Wednesday, September 22, 2021

Home Users: IT’s Cross to Bear

Home access to the corporate enterprise is on the rise, according to

industry watchers. Gridlocked highways, skyrocketing fuel costs, and the

desire for a better work/home life balance have employees clamoring to

telecommute.

This sea change could mean big headaches for IT managers who are caught

unprepared.

Chris Hernandez, senior network engineer at Holtzbrinck Publishers, LLC,

in New York, N.Y., knows this first-hand. A year ago, a lax remote access

strategy led to someone transporting a virus onto the corporate network.

”It shut us down for a few days,” he says.

Today, Hernandez and his team have an aggressive program to train and

support day extenders and home users. The program includes best practice

guidelines and how-to brochures for setting up home machines.

Experts warn that companies need to be savvy about managing home users —

especially if their industry falls under compliance restrictions, such as

the Health Insurance Portability and Accountability Act (HIPAA) or the

Sarbanes-Oxley Act of 2002.

”Home users using their own computers pose the biggest risk to the

corporation,” says Doug Neal, vice president of product management at

iPass, a security software developer in Redwood Shores, Calif. ”They are

purchasing their own equipment with varying standards. They probably have

the worst scenario: They may have no firewalls and use wireless networks.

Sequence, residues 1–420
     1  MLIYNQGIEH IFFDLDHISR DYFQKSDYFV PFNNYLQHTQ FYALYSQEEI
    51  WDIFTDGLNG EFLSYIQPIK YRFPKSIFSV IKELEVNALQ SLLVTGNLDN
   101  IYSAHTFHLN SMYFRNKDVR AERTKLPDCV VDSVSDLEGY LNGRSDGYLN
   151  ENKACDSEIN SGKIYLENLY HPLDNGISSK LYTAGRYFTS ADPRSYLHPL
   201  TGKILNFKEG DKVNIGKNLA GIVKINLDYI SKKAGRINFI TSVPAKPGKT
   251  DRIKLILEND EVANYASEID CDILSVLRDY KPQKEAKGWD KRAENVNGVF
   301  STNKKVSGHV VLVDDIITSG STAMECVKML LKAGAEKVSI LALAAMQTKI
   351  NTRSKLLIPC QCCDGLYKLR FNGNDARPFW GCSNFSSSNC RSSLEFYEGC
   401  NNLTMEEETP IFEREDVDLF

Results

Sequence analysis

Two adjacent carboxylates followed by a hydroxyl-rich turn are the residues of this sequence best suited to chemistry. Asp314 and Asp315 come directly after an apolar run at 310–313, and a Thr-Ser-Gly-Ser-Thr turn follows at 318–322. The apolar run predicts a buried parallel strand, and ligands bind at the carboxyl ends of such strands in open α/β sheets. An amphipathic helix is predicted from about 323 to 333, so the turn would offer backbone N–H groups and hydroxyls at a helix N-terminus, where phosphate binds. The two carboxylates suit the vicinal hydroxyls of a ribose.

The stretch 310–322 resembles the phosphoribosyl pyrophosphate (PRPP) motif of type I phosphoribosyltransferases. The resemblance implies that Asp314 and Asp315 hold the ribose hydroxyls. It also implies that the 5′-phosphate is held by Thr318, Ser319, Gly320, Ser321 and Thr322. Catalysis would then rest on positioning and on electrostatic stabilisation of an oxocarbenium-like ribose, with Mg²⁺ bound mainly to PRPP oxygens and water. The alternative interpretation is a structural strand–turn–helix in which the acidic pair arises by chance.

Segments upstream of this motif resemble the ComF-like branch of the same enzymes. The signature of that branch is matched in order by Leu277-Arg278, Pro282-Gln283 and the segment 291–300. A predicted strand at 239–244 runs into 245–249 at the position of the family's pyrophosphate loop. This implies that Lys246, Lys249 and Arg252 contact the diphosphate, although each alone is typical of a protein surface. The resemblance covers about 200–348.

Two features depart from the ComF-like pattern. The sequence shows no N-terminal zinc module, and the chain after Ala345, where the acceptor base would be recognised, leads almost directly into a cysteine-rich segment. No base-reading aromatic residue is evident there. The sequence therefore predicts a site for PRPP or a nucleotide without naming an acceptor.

The threats in that environment are broad.”

He adds that always-on access provided by cable and DSL connections leave

these machines even more vulnerable.

On the flip side, some companies do not want the expense of buying and

managing PCs for all their employees. Mark Gibbs, president of Gibbs &

Co., a network consultancy in Ventura, Calif., says IT groups can spend

as much as $5,000 to manage a $1,000 laptop. This can get pricey for a

large enterprise. Add to this the fact that some employees don’t want the

hassle of carrying a laptop home.

To adequately deal with the pressure to provide secure home access, IT

groups should follow some basic guidelines.

Have a dedicated security guru managing home access.

Enterprises make the mistake of assigning IT support for telecommuter

access to junior members of their security team, says Allen Gwinn, senior

IT director at Southern Methodist University in Dallas. But remote access

is one of the most critical parts of the network and should be handled by

a senior security expert.

”The enterprise must have very, very good security management in

place,” he says. ”How secure your home access is is going to be

directly related to how experienced the person is who’s managing it.”

Hernandez agrees. He says his security specialist determines how home

users access the network. ”He manages and monitors the firewall. If it’s

being used in the wrong manner, he is the one to report it [to

executives].”

The security manager should work with other departments, such as legal

and human resources, to set policies and make sure users are compliant.

Study what your users need for access before giving them access

Gwinn says IT managers must carefully plan what parts of the network are

going to be open to the real world. ”What can you realistically

support?” he asks. ”You can go very simple or very complicated, but you

need to do a complete assessment ahead of time.”

Gibbs says IT groups should work with corporate executives to determine

who should be allowed home access based on what they’ll be doing. For